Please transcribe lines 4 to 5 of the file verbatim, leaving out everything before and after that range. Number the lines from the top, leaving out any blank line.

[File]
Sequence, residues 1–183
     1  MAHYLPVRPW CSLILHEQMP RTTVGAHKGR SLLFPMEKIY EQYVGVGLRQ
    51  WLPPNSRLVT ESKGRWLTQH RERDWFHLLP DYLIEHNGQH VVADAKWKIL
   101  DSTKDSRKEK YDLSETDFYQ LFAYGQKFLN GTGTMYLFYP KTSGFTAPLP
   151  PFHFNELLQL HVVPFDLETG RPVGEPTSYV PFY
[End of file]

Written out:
   101  DSTKDSRKEK YDLSETDFYQ LFAYGQKFLN GTGTMYLFYP KTSGFTAPLP
   151  PFHFNELLQL HVVPFDLETG RPVGEPTSYV PFY